“I am having prehistoric thoughts about myself”, declares the powerful voice of Olwen Fouéré’s Girl to the still barren set, save for a desk at its forefront. As the voice echoes through the Abbey stage, Fouéré slowly comes to view behind a haunting projection of her profile staring into the audience, while expressing a desire to return to the simplicity of a Neanderthal existence. “We make up the stories we need to because we are terrified”, states Girl exemplifying the production as an exploration of human and female identity through myths told throughout time.
Lone performer Fouéré is initially wrapped in a burgundy cape, which she opens to reveal the intricate work of costume designer Catherine Fay, uncovering a silver corset with chainmail sleeves and exposed breasts. This creates a poetic juxtaposition between the armour-like costume and the wild femininity it showcases, complemented by the sheer range of Fouéré’s performance.
The structure of iGirl is intrinsically disjointed, producing different fragments of narratives throughout time with Fouéré incarnating several enduring and emblematic female figures of our cultural and social fabric. The first of these fragments is Antigone, the “stubborn girl”, closely followed by Fouéré’s skilfully delivered lines in French constituting the beginning of the Jeanne D’Arc narrative. This picture of the young girl is haunting and intimate in the emphasis it places on the description of her burning at the stake in juxtaposition with Fouéré’s pained cries of “I burn Maman!” Furthermore, Fouéré’s portrait of Persephone is a subversive image of female desire and the darkness within it.
This fragmented narrative structure also develops the incestuous story of Oedipus and Jocasta, wherein Carr’s words highlight the paradoxical nature of their relationship, notably through “I, Oedipus, son of my wife, brother of my daughter and sons”. Fouéré plunges head-first into her telling of Oedipus’ story imbuing it with a delivery reminiscent of the Homeric epics, seamlessly complemented by Carr’s enduring prose harking the oral history of such myths. Her further incarnation of Jocasta emphasises the convolution of this perpetual cycle of blood meshing within their relationship while adding a deeply moving layer to the character.
Joanna Parker’s visceral projected videos enhance the timeless quality of the production, while the haunting visuals of Fouéré. Indeed, as the latter sits on the desk at the forefront smoking a cigarette, the smoke seemingly conjures an image of Girl on all fours, rotating. This imagery at times detracts from Fouéré’s performance, such as in the comic relief misdial where Girl’s face is projected onto the black screen behind her through a camera in the desk lamp she is sat behind. This instance breaks the trance of Fouéré’s performance and distracts the audience from the comic statements in the vein of “are you Demeter? Because if you are, I have a bone to pick with you!”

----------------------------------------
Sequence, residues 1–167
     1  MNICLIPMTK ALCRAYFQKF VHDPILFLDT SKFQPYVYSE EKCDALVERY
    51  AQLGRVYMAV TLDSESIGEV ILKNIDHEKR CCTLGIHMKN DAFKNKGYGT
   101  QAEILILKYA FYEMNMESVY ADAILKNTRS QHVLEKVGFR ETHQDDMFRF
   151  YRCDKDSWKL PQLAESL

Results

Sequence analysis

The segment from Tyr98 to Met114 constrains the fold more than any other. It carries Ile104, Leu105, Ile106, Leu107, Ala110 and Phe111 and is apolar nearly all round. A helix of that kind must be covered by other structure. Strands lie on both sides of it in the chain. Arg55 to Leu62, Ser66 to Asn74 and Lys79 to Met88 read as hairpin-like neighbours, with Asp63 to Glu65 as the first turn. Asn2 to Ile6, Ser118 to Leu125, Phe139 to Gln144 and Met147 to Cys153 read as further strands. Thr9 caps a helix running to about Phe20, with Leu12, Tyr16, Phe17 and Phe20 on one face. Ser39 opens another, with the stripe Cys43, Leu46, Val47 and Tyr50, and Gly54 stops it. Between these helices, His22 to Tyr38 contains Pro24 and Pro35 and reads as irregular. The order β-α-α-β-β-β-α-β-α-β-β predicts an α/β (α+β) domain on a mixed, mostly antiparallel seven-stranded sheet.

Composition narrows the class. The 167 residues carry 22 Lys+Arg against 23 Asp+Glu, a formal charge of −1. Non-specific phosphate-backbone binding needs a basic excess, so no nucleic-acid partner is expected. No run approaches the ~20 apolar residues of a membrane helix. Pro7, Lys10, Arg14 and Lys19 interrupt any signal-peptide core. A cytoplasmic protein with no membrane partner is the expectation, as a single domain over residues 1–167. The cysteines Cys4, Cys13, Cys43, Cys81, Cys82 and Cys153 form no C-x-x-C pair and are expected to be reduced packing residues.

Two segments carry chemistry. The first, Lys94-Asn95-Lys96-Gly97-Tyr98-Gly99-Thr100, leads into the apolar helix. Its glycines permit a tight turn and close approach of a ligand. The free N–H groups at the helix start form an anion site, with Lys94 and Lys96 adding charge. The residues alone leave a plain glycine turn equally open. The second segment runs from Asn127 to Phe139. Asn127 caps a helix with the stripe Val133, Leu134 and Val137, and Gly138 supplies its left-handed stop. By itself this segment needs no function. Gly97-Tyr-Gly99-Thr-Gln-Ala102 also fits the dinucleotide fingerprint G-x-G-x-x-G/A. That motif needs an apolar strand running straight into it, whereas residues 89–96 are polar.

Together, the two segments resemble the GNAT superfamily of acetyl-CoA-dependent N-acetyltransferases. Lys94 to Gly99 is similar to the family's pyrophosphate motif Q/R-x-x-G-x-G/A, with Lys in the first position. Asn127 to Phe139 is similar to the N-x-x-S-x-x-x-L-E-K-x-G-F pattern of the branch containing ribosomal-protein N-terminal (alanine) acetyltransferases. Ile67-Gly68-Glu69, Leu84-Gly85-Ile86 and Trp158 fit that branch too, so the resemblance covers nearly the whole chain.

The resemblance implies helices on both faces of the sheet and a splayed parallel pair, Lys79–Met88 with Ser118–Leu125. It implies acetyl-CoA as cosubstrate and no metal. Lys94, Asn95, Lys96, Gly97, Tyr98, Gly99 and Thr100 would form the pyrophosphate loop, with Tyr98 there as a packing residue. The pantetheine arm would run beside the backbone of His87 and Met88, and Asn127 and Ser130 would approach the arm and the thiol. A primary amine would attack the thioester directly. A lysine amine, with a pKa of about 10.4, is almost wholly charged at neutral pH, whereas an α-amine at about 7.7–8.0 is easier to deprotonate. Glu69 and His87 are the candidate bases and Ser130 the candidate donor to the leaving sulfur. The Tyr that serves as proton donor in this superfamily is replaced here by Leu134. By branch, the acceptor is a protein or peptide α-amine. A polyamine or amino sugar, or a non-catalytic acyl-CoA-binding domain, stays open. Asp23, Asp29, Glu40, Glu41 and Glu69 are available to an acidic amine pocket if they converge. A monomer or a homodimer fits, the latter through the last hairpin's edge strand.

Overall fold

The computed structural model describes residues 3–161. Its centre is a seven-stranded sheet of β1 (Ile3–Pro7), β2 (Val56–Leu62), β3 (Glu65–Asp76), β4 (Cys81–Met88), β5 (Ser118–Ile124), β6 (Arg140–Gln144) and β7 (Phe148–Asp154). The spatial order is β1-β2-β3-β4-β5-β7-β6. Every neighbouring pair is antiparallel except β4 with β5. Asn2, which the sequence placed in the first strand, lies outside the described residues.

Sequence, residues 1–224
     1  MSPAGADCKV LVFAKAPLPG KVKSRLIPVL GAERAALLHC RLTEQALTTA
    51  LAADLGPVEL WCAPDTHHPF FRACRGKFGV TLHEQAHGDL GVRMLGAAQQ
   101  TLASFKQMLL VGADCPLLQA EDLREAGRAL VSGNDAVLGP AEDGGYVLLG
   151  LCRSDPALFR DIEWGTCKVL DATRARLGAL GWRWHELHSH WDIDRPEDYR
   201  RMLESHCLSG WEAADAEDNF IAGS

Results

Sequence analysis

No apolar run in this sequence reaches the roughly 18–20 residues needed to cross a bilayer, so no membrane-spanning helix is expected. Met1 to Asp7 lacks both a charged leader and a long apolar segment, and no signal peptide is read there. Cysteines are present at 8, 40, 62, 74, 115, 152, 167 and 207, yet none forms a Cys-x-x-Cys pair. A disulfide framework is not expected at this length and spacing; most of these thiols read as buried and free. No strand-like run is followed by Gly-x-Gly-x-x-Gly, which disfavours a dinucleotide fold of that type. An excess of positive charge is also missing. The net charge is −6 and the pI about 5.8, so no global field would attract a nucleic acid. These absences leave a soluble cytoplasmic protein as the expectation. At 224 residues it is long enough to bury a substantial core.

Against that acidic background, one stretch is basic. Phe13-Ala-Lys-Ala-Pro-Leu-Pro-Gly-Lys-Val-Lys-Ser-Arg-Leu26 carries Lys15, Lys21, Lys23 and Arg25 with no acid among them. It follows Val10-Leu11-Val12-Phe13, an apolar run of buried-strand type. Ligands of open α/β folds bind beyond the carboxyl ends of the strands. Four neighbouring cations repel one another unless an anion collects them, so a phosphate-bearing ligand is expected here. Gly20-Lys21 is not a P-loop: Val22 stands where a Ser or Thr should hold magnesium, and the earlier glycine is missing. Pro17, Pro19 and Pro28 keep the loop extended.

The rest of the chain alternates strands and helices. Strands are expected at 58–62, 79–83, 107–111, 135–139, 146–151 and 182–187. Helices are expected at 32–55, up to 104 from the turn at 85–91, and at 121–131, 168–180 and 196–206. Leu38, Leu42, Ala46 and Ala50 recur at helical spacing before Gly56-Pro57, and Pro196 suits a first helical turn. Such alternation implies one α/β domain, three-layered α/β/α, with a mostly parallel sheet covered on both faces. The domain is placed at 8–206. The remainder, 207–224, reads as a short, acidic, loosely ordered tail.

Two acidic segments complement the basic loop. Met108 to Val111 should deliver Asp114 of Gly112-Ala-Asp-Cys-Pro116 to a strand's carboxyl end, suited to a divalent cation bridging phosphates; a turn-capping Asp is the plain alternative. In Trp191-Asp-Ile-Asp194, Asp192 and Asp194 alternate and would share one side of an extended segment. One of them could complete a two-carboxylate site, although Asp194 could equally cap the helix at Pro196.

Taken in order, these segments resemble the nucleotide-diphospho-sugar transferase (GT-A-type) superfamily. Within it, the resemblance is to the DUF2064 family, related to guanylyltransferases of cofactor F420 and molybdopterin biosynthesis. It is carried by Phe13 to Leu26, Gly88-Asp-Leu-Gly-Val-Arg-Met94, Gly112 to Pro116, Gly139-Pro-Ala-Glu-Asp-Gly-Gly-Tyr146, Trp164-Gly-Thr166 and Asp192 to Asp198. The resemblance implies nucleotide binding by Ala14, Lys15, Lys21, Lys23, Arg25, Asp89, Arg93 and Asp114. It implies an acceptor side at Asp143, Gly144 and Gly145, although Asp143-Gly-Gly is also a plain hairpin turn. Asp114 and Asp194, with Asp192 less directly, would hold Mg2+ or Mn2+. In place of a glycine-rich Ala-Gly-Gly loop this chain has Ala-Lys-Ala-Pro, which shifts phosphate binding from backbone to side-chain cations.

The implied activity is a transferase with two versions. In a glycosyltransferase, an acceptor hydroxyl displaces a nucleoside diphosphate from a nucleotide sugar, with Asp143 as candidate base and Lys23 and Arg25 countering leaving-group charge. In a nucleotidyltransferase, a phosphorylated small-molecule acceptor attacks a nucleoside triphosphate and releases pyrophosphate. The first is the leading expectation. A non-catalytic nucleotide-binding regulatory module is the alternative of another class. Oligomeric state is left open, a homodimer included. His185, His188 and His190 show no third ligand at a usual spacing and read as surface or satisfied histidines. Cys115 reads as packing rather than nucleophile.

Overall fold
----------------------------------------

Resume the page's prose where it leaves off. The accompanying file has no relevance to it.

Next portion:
Fouéré’s performance is deeply moving as she inhabits Girl and the various mythical and historical figures, becoming every one of Carr’s disjointed and intensely penned characters. The athletic aspect of her performance is boldly animalistic, featuring captivating interludes where Fouéré crawls and paces as if stalking her prey. This comes to a crux as Fouéré stalks the stage with her cape as her weapons, to the background of battle sounds and suspenseful music.
With timeless statements such as: “Do we exist? Or are we just a dust on the eyelash of God?”, Carr’s enigmatic prose shines through Fouéré as the backbone of the production, complimented through Caitríona McLaughlin’s masterful direction. Carr’s words are contemporary, temporally rooted yet eternal, nailing the condition of human existence they articulate. This creates a simultaneously ephemeral and eternal piece of theatre, powerful and intense and in every way meriting the standing ovation Fouéré’s performance received on the Abbey stage.
iGirl runs until October 30th at the Abbey Theatre as part of Dublin Theatre Festival.